Wireless Energy Savings
Energy is abundant in our environment, available in the form of thermal, solar, wind, and mechanical energy. Typically, these sources provide such small quantities of energy that it makes it difficult to provide adequate power on a large scale. When it comes to powering wireless switches and sensors, however, the tiniest amounts of energy from the environment are all that is necessary to help power control devices that can save between 20 to 45 percent energy in buildings.
Energy harvesting is the process of capturing minute amounts of energy from one or more of these naturally occurring energy sources, accumulating them, and storing them for later use. Energy-harvesting wireless sensor technology collects energy where it costs nothing, from the energy existing in our environment. Linear motion, pressure, light, and differences in temperature can be converted into energy that can be used electrically. Combining miniaturized energy harvesters and highly efficient wireless technology creates service-free wireless sensor solutions for use in commercial, residential, and industrial applications.
No Batteries, No Problem
Many sensors, particularly those that form a mesh network, are usually wired or battery-operated, requiring routine replacement and regular maintenance. Furthermore, batteries can be costly in the long run. Needing to continuously replace them can have a negative impact on valuable resources, and is inherently not very “green.”
Buildings — in particular schools, colleges, and universities — are
benefitting significantly from battery-less wireless technology for automating campus buildings and residence halls. Products and systems can easily be implemented as a standalone system or integrated into any common building automation system, like LON, BACnet, TCP/IP, or Ethernet.
Just because there are no batteries doesn’t mean these products aren’t robust. Wireless transmission distances can reach approximately 900 ft. in open spaces and up to 100 ft. inside buildings. With 850 interoperable products available in the ecosystem and proven in over 200,000 buildings worldwide, energy-harvesting wireless technology is quickly becoming an international standard.
Greening Campus Life
Energy and maintenance costs in all building sectors are coming under increased scrutiny, and educational organizations are no different. A typical 50,000-sq.-ft. campus building in the
U.S. uses more than $100,000 worth of energy each year, which equates to about $1.95 per sq. ft. spent on electricity. In most colleges and universities, lighting, ventilation, and cooling are the largest consumers of electricity, making these areas the best targets for energy savings. Computers and other electronic devices have become mainstays in campus buildings and residence halls, contributing dramatically to energy consumption. A typical desktop computer, monitor, and shared printer can draw about 200 watts of power.
Campus residence hall life is rarely predictable and students lead busy lives, leaving the residence facilities empty for long periods of time during the day and on breaks from school. A wireless, energy-harvesting system that includes HVAC control, lighting, and plug load can help save 30 percent energy, on average. During breaks from classes, when building systems are typically left in “on” mode, a building control system can save over 50 percent energy. With documented energy savings like this, payback periods can easily be kept under two years.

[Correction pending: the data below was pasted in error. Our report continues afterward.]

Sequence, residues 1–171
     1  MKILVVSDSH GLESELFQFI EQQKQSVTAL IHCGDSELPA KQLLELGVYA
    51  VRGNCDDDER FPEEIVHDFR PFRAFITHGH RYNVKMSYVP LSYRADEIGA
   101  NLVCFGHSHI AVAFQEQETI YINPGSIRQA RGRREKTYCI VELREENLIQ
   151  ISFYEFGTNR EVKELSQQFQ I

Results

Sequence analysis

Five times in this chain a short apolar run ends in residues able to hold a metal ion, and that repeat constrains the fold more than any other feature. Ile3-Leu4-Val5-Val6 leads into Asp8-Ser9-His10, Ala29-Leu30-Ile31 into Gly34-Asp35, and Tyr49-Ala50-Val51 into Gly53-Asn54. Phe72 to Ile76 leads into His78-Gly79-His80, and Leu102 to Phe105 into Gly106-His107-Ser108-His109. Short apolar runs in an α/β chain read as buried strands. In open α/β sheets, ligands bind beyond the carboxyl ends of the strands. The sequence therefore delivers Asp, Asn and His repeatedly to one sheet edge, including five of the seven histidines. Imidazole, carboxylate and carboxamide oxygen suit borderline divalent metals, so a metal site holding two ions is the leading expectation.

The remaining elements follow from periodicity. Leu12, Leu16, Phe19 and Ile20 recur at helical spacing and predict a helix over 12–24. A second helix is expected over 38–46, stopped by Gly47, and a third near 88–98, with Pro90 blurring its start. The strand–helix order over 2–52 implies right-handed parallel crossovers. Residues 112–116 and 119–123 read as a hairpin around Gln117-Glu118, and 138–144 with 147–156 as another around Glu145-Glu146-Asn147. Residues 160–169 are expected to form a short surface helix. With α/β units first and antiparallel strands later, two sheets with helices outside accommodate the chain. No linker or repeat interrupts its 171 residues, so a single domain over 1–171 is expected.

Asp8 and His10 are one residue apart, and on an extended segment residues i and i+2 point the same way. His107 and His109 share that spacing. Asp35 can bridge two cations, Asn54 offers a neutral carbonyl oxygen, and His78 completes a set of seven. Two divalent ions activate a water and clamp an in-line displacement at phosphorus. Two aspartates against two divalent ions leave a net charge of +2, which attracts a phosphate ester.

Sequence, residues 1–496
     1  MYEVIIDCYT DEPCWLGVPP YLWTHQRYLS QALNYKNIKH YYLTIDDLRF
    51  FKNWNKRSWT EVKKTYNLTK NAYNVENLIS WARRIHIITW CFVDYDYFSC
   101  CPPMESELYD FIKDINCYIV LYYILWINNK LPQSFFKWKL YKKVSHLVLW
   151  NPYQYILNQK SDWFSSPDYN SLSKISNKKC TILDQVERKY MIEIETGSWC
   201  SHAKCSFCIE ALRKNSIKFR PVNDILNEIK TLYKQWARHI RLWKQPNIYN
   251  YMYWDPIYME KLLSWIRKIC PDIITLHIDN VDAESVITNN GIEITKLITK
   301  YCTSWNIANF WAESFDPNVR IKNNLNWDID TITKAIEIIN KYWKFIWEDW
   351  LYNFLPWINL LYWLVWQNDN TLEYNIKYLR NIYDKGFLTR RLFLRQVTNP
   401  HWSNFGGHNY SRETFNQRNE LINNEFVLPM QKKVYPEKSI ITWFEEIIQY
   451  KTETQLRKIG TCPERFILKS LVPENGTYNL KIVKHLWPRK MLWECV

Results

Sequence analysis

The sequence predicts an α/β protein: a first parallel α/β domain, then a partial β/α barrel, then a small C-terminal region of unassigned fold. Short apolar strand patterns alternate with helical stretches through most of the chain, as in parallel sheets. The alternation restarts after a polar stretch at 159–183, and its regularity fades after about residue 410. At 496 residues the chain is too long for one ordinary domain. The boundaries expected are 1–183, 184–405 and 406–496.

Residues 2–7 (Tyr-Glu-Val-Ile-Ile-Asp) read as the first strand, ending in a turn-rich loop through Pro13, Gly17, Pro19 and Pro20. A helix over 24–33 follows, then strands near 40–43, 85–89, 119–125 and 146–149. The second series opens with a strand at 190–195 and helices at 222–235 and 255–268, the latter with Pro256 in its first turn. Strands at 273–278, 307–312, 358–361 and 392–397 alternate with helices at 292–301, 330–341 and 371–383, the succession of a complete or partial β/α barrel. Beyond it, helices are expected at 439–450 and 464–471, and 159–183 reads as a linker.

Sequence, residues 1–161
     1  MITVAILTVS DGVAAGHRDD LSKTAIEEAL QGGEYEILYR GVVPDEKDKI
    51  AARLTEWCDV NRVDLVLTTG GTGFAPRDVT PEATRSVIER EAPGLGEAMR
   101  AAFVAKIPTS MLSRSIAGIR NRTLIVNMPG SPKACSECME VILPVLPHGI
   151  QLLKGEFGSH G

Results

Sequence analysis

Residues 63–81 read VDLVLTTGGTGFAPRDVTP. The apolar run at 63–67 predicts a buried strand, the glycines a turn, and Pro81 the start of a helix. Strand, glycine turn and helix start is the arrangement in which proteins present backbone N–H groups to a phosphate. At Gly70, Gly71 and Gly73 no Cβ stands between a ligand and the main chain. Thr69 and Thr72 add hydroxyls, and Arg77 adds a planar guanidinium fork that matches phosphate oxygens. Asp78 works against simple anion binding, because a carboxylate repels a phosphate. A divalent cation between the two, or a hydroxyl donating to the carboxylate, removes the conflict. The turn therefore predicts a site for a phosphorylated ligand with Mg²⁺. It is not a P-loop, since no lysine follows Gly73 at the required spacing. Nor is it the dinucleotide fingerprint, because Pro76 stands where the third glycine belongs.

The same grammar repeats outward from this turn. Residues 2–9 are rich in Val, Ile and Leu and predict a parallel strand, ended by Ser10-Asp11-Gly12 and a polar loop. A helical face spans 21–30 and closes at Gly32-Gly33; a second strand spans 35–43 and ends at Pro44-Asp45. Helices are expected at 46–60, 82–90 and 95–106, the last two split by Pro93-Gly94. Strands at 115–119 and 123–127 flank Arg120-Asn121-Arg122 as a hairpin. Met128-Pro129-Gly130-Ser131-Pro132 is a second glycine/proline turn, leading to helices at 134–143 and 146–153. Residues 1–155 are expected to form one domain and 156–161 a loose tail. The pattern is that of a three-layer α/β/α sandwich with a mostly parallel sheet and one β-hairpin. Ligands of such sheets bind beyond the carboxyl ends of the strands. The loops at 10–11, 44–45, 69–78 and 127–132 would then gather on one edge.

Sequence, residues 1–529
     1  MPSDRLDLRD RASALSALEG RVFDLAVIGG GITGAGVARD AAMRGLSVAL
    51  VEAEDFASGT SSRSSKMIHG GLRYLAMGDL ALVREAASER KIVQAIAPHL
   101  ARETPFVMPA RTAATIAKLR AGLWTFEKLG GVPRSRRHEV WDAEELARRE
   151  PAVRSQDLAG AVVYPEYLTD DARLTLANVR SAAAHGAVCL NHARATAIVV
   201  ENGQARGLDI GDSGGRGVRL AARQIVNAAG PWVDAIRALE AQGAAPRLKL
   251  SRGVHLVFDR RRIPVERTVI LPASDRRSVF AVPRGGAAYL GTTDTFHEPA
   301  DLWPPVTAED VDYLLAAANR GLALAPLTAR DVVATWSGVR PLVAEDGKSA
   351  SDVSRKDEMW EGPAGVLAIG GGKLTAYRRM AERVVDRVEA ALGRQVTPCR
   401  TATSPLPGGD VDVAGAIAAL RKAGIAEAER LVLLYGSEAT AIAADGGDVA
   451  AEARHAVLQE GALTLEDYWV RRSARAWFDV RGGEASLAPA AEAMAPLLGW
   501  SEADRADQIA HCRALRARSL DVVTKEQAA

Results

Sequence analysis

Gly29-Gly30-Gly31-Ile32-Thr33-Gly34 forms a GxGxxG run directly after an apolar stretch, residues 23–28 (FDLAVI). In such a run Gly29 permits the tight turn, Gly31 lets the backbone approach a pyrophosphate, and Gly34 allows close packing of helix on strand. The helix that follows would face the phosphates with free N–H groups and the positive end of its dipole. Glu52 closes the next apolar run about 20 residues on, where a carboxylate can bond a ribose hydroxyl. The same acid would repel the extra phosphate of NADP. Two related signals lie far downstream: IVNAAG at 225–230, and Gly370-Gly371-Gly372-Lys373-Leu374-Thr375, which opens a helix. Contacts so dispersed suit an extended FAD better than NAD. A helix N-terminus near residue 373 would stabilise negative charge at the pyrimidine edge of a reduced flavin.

Wireless and Limitless
Wireless technology can be integrated into building management systems, which can be set up on TCP/IP to enable the use of Internet connectivity. The addition of maintenance-free technology provides for cost-effective and flexible deployments, as well as the ability to control the system from any Internet or networked end device, including smartphones. The visualization of data, including electricity, water, and gas, allows the user to monitor consumption in a building, or across multiple buildings campus-wide, and can immediately recognize energy-saving potential.
In many university settings, computer labs are often overlooked for their energy-savings potential. Typically, computers are either left on 24/7, or they are set up to go into sleep mode. Regardless, they are still consuming energy unnecessarily. Colleges and universities can greatly benefit from wireless, intelligent power strips, which can turn computers on and off automatically. The power strip contains four outlets that can be controlled by occupancy and two outlets that are always on. Computer labs, as well as residence hall rooms, can save thousands of dollars by controlling this otherwise wasted energy.
When it comes to greener educational facilities, intelligent building automation will continue to provide the key to future sustainability advancements. Self-powered wireless sensors and switches will continue to greatly simplify cabling requirements while, at the same time, increasing flexibility. This technology allows devices to be attached, removed, and reattached as the needs of spaces change over time, or wherever they provide optimum benefit. The complexity and cost of retrofitting is greatly reduced with wireless.
Cory Vanderpool, business development director for North America for EnOcean Alliance, previously served as executive director of GreenLink Alliance, a nonprofit organization dedicated to promoting energy conservation in buildings and tax incentives for building owners. She can be reached at firstname.lastname@example.org.